16. Arizona Diamondbacks : Rex Brothers LHP Lipscomb

17. Arizona Diamondbacks: Bobby Borchering 3B Bishop Verot HS (Florida )

Here’s the first pair of D’back picks.  They like to go high upside HSers early, followed by college floor.  Borchering has one of the best bats in the draft.  He is switch hitter with great bat speed and raw power from both sides.  Many believe he will have to eventually move to first but, I think he could stay at third.  His speed is average or a little below.  His arm is about average as well. 

Brothers is a guy I like a lot.  He throws his fastball in the mid 90s, he also throws a good slider, with a lot of movement, hasn’t thrown his changeup too much.  He’s a rare lefty that can dial his fastball up to 96/97 mph and I think his ceiling is 2/3 starter if he develops his changeup. 

18. Florida Marlins : Chad James LHP Yukon HS (Oklahoma )

Chad James is the guy I’m hoping falls to the ‘Stros at 21, but it’s unlikely he will as he is coveted by the D’backs, Marlins, Cardinals and Blue Jays.  The Marlins develop HS pitching very well, so James makes sense here.  If Borchering gets to here, I could see the Marlins taking the in-state third basemen.  James is a lefty with a low 90s fastball, he has touched 95 mph.  He also throws an above-average power curve and above-average changeup.  He has plenty of projection.  I seriously don’t know why James isn’t considered one of the elite HS arms, but one team will benefit as a result in the 16-22 range.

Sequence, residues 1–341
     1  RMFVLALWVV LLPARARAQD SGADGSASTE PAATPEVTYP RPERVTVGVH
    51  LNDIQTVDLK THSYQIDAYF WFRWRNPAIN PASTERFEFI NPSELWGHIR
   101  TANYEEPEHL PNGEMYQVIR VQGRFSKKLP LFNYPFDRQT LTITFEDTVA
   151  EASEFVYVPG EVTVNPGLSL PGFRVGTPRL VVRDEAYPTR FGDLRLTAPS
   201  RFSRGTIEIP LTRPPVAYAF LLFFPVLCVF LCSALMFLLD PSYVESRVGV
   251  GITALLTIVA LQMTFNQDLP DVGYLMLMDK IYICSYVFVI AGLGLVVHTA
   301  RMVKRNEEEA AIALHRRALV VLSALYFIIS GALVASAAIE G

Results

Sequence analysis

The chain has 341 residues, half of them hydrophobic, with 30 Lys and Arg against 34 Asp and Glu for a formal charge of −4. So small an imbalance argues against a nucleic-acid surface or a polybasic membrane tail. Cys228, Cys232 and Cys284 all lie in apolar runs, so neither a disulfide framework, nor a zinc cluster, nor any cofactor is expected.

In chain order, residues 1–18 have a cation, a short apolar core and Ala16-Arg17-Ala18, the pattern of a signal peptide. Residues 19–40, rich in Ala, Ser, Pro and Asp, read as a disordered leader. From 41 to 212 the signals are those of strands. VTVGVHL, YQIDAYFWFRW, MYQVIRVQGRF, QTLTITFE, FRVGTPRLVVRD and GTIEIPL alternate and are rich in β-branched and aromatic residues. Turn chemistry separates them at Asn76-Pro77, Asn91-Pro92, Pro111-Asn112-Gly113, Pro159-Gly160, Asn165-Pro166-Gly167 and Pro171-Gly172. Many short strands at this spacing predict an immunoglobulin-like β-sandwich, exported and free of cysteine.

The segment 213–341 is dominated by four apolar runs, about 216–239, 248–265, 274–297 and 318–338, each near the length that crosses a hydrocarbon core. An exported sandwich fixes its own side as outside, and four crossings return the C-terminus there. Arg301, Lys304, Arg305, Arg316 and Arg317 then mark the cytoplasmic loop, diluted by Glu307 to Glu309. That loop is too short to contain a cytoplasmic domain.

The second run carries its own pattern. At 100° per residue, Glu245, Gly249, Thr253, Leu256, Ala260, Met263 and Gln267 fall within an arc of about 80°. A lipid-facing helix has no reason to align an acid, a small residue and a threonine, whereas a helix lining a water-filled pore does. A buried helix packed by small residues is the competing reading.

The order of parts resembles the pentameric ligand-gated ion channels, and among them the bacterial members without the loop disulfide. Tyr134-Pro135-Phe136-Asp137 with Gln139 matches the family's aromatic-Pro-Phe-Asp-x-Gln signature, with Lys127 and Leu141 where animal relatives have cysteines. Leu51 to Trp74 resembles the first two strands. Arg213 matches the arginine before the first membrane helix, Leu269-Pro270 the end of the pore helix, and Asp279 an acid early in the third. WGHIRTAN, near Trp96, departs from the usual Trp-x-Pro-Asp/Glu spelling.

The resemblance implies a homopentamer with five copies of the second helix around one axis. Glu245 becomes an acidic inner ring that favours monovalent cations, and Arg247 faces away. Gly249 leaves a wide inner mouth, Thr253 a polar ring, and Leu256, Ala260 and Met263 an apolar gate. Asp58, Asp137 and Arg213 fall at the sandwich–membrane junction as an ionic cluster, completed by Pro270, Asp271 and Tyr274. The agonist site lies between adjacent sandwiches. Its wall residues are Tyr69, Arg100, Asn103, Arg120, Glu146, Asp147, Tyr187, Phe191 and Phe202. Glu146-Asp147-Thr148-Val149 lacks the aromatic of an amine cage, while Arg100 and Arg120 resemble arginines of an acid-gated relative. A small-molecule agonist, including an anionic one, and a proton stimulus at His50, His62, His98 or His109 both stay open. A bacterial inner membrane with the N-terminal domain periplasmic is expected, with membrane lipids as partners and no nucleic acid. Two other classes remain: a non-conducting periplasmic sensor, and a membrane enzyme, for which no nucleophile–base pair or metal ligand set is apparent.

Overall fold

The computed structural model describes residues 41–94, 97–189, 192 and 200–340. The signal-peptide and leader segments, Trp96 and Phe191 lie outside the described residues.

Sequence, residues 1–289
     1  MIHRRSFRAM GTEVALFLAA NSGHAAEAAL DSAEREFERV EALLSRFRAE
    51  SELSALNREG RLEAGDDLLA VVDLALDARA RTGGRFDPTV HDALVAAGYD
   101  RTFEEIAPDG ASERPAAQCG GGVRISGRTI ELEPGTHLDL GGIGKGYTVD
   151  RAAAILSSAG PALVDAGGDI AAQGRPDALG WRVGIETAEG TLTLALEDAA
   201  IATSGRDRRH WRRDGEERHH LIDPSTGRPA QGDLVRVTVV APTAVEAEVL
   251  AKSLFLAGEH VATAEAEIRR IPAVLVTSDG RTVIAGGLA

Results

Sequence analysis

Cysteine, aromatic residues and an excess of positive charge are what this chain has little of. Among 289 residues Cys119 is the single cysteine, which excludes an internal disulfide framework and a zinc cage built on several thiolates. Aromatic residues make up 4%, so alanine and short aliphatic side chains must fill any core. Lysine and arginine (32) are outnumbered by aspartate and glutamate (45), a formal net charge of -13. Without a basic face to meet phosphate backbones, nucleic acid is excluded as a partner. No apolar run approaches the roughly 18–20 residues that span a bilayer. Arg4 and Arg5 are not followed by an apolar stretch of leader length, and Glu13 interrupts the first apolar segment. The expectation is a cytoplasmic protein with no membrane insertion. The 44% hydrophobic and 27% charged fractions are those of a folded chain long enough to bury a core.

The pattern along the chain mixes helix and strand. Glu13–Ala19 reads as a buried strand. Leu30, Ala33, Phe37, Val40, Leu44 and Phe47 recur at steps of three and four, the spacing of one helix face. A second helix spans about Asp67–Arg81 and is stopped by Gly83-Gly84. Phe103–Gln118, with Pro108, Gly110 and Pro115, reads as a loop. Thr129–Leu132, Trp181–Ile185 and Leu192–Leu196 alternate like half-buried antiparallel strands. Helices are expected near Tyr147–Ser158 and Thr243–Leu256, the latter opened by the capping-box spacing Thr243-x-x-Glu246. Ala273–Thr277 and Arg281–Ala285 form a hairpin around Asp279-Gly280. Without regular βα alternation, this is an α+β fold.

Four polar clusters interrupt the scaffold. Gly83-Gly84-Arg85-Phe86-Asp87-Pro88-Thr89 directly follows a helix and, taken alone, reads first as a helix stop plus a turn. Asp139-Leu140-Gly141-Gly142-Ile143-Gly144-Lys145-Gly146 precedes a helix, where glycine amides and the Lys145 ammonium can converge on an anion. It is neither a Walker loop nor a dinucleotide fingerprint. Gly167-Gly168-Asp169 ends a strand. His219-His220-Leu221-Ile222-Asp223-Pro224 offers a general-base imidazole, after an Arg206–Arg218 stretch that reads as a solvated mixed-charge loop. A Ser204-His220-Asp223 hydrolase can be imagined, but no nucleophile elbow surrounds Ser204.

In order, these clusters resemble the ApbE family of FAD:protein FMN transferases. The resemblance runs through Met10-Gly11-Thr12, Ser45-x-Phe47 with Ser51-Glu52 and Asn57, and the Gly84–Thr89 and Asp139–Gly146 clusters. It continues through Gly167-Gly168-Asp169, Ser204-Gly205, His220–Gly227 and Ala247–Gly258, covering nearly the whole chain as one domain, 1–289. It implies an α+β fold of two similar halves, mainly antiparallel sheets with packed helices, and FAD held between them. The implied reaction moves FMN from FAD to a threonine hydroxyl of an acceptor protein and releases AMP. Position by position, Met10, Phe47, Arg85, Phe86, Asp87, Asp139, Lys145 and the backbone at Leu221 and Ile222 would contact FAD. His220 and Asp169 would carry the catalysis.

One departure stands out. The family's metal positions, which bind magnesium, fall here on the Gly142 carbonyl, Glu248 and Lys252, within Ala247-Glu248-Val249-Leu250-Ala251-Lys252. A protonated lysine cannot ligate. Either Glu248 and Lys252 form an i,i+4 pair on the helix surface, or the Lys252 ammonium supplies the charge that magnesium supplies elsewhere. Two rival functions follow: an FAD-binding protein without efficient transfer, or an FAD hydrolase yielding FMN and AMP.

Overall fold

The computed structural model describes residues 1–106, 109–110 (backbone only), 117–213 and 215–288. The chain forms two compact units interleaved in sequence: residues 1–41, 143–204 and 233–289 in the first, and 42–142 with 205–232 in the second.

19. St. Louis Cardinals : James Paxton LHP Kentucky

Word is the Cardinals are leaning left-handed pitcher, the options being: Minor, Brothers, James and Paxton.  One of them will fall, and in this scenario it’s the Boras corp. client, Paxton.  Paxton throws in the mid-to-high 90s, along with a hard slider and a change, which isn’t worth praising.  I don’t like Paxton, lack of a real changeup, command, questionable mechanics, Boras, but it seems like the Cards do, so he’s the pick.  

20. Toronto Blue Jays: Eric Arnett RHP Indiana

This was a tough one.  I’ve been hearing college arm.  The Jays would have liked Jenkins, Minor or Brothers, but none of them fell.  I also think Chad James is an option, although history would show the Jays shy away from HS arms in the early rounds, and Matt Hobgood is still an option.  Kyle Gibson, post-injury, has been rumored here and I think Mike Trout or Tim Wheeler are options here.  Trout has one of the highest upsides amongst position players and Wheeler is the next best college bat.  I went with the college arm route and took Arnett, although I am far less than confident with that pick.  Arnett is a 6’5” righty, who throws in the mid 90s, he also throws a slider in the high 70s/low 80s which can get batters out.  His changeup needs some work.  I’m not in love with this selection, but that’s mostly because I’m not in love with Arnett, who has risen this season, after an increase in velocity.  I also am not high on his secondary pitches or command, but he has to go somewhere in the first round… I guess, and he could go as high as 15. 

21. Houston Astros: Slade Heathcott LHP/OF Texas HS (Texas)